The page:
IOB Q3 loss widens to ₹6,075 cr. on higher provisions

Shifting focus: Going forward, we don’t want to be aggressive in the corporate sector, says Mr. Karnam Sekar.

Shifting focus: Going forward, we don’t want to be aggressive in the corporate sector, says Mr. Karnam Sekar.   | Photo Credit: Bijoy Ghosh

Lender to focus on retail, agriculture, MSME sector; eyes coming out of Reserve Bank’s PCA in FY21

Public sector lender Indian Overseas Bank’s (IOB) net loss for the third quarter ended December 2019 widened to ₹6,075 crore on higher provisioning of ₹6,664 crore for non-performing assets (NPAs) and investments.

In the year-earlier period, provisioning stood at ₹2,075 crore.

During the period under review, total income stood at ₹5,198 crore (₹5,689 crore), net interest income at ₹1,279 crore (₹1,384 crore) and total expenditure at ₹4,436 crore (₹4,222 crore). Net interest margin (NIM) stood at 1.94%.

IOB brought down its gross NPAs to ₹23,734 crore with a ratio of 17.12% against ₹35,787 crore with a ratio of 23.76% in the year-earlier period. Net NPAs were contained to ₹7,087 crore with a ratio of 5.81% against ₹17,988 crore with a ratio of 13.56%. Provision coverage ratio improved to 86.20% (64.23%).

Fresh slippages during the period stood at ₹1,648 crore (₹1,700 crore) and recovery, including technical write-offs, was ₹7,085 crore (₹3,723 crore).

“To come out of the Prompt Corrective Action (PCA) of the RBI, we have to cross two major hurdles. One is to keep the net NPAs below 6% and another is to make a profit. We have brought down the net NPAs to 5.81%. Our next objective is to make profit every quarter and make it sustainable,” said Karnam Sekar, MD & CEO, Indian Overseas Bank.

“This is the year of resurgence. We plan to come out of the PCA by focusing on recovery, low-cost deposits and less capital-consuming advances,” he said.

Stating they were hoping to make profit from the next quarter onwards, he pointed out that IOB had been incurring losses for almost five years.

“Going forward, we do not want to be aggressive in the corporate sector. We will be in retail in a big way. Currently, the split between corporate and retail is 28% and 72% respectively. The slippages in the corporate sector accounts have been fully exhausted. We don’t foresee any fresh slippages. The slippage in fourth quarter towards corporate accounts will be almost zero,” he said.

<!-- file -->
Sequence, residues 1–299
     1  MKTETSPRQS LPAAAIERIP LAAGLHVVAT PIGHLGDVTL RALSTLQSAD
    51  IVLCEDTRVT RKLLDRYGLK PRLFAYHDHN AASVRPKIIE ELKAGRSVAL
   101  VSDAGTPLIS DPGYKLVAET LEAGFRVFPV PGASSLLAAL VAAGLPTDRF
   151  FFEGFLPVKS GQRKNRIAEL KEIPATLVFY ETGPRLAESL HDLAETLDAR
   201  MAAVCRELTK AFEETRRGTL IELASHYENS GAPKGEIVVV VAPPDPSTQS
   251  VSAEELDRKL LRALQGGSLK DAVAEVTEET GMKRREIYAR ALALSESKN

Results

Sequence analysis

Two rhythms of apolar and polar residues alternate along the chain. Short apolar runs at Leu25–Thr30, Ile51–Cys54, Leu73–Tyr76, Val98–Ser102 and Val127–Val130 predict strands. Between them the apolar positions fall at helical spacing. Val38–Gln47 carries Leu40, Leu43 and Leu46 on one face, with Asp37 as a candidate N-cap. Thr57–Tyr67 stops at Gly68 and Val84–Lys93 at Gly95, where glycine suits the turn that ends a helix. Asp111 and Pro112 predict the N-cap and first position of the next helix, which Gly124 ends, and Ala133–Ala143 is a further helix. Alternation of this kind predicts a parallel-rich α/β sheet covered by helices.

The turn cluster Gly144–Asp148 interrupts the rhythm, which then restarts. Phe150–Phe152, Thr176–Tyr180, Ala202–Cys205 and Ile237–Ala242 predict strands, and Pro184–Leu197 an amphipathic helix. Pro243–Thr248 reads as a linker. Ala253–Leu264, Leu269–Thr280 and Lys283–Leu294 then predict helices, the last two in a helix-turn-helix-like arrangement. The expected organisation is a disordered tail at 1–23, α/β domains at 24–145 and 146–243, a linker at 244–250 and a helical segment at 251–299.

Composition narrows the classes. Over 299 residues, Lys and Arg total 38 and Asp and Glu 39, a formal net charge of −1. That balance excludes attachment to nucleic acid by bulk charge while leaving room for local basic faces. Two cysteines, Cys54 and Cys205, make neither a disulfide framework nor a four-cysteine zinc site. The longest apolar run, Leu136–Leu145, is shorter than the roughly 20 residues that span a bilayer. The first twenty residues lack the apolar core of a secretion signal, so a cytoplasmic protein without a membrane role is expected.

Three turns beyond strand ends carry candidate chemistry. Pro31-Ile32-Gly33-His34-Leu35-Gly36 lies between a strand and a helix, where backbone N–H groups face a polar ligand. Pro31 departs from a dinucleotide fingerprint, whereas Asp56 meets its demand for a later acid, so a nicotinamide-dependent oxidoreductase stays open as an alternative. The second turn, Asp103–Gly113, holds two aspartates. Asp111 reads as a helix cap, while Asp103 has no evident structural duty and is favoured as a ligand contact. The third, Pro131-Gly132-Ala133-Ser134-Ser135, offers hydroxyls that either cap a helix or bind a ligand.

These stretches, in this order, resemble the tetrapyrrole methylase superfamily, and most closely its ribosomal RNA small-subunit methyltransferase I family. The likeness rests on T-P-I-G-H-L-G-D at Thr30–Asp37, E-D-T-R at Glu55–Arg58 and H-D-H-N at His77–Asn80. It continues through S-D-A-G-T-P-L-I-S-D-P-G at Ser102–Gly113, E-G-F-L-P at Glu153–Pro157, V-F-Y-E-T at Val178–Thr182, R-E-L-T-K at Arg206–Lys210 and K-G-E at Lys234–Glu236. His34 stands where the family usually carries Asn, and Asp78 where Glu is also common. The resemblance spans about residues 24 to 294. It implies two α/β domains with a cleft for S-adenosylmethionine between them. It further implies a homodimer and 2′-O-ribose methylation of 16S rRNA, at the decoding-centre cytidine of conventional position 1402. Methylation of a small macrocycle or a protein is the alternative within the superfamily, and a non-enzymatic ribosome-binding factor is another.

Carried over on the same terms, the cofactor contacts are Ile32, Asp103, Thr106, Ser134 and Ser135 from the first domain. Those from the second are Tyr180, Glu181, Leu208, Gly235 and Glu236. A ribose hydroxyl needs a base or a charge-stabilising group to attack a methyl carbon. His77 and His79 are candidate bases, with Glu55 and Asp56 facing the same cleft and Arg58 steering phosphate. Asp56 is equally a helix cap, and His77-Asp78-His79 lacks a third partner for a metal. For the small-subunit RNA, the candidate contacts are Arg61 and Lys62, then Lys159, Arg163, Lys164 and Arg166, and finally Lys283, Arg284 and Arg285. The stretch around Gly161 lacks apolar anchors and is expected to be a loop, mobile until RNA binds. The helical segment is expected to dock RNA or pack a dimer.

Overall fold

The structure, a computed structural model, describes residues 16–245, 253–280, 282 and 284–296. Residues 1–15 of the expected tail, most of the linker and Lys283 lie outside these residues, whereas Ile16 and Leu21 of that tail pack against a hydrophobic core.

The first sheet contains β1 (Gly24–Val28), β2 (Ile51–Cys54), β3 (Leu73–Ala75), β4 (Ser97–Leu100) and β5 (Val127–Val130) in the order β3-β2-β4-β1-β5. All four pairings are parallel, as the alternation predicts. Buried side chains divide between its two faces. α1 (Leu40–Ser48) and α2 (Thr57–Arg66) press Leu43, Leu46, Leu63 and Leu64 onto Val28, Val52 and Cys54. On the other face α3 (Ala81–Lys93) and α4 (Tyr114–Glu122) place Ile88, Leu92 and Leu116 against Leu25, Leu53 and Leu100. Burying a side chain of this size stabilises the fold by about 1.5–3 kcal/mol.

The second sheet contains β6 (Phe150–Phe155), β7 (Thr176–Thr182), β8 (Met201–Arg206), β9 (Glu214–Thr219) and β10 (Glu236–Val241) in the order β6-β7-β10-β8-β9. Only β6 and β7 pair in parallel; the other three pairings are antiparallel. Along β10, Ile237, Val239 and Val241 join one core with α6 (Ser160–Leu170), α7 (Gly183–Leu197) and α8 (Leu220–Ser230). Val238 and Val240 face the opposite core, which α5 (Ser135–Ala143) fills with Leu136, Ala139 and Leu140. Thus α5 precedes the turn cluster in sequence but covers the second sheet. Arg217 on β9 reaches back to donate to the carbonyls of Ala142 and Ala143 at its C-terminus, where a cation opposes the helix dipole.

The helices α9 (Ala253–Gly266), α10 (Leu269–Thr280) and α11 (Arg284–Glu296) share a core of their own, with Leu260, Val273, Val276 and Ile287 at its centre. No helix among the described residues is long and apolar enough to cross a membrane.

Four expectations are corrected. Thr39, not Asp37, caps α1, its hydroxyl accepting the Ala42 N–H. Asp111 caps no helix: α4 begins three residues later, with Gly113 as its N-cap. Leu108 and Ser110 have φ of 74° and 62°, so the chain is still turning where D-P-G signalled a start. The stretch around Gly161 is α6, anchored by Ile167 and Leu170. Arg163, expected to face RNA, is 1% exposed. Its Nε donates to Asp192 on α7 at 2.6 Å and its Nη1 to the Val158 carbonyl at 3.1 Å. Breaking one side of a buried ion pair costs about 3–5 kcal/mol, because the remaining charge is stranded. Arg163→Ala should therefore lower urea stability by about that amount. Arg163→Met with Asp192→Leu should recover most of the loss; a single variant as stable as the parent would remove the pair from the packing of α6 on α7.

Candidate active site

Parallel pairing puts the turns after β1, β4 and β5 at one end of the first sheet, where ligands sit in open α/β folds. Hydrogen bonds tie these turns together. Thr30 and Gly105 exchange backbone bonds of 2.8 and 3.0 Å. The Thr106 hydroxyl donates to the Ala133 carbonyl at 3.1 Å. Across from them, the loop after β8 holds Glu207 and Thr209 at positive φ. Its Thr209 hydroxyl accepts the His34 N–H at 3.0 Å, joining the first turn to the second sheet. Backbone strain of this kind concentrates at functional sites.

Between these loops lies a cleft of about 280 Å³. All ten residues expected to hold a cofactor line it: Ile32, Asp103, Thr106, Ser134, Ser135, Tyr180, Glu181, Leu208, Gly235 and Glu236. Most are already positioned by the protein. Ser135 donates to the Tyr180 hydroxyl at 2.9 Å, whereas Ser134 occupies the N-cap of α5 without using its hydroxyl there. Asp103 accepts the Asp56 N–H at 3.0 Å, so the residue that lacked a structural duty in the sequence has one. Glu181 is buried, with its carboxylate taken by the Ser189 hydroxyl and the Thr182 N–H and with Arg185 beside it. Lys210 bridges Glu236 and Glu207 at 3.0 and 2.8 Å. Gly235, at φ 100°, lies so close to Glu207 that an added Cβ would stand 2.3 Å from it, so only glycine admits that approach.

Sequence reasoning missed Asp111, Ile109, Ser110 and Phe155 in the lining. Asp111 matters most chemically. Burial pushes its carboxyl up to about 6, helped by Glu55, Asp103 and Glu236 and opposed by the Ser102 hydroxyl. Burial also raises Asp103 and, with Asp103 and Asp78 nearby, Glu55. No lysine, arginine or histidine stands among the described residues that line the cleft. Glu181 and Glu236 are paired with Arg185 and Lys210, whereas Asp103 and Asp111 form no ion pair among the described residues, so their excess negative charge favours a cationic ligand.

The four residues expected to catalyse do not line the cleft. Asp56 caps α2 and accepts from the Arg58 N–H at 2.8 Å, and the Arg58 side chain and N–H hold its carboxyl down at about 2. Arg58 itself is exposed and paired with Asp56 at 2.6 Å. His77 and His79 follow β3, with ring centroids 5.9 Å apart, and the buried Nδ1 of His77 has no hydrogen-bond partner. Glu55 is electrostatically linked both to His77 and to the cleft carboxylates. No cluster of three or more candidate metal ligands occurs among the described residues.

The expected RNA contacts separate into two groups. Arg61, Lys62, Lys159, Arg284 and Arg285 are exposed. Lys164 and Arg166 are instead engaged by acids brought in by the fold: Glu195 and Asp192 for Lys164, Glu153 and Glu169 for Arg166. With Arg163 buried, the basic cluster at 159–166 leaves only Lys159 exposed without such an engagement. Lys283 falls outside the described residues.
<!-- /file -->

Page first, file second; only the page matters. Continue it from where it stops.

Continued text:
NCLT accounts

Mr. Sekar also said exposure towards telecom sector was nil and slippages in retail, agriculture, MSME (RAM) sector was coming down to an average of ₹500-600 crore per quarter. He also expected to recover a huge sum from two huge NCLT accounts.

“We have a net NPA of about ₹7,000 crore and this could be provided for within three years.

“With conviction and confidence, I can say we will sustain net profit as we will be making a profit of ₹3,000 crore every year and with this, the net NPAs could be taken care off,” he said.

Mr. Sekar said that they had made provisions of 86% towards bad debts, which is one of the highest in the industry, and efforts were on to recover the balance.

With regard to huge provisioning of ₹45,000 crore made in the last six years, he said even 1% recovery amounted to a conservative sum of ₹450 crore and that would strengthen the bank’s balance sheet.

NIM at 1.94% is still a concern and this would increase to above 2% in the coming quarters, he said.

Total deposits marginally increased to ₹2,21,290 crore from ₹2,20,311 crore while gross advances stood at ₹1,38,643 crore (₹1,50,590 crore).

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Printable version | Apr 1, 2020 11:02:19 AM |

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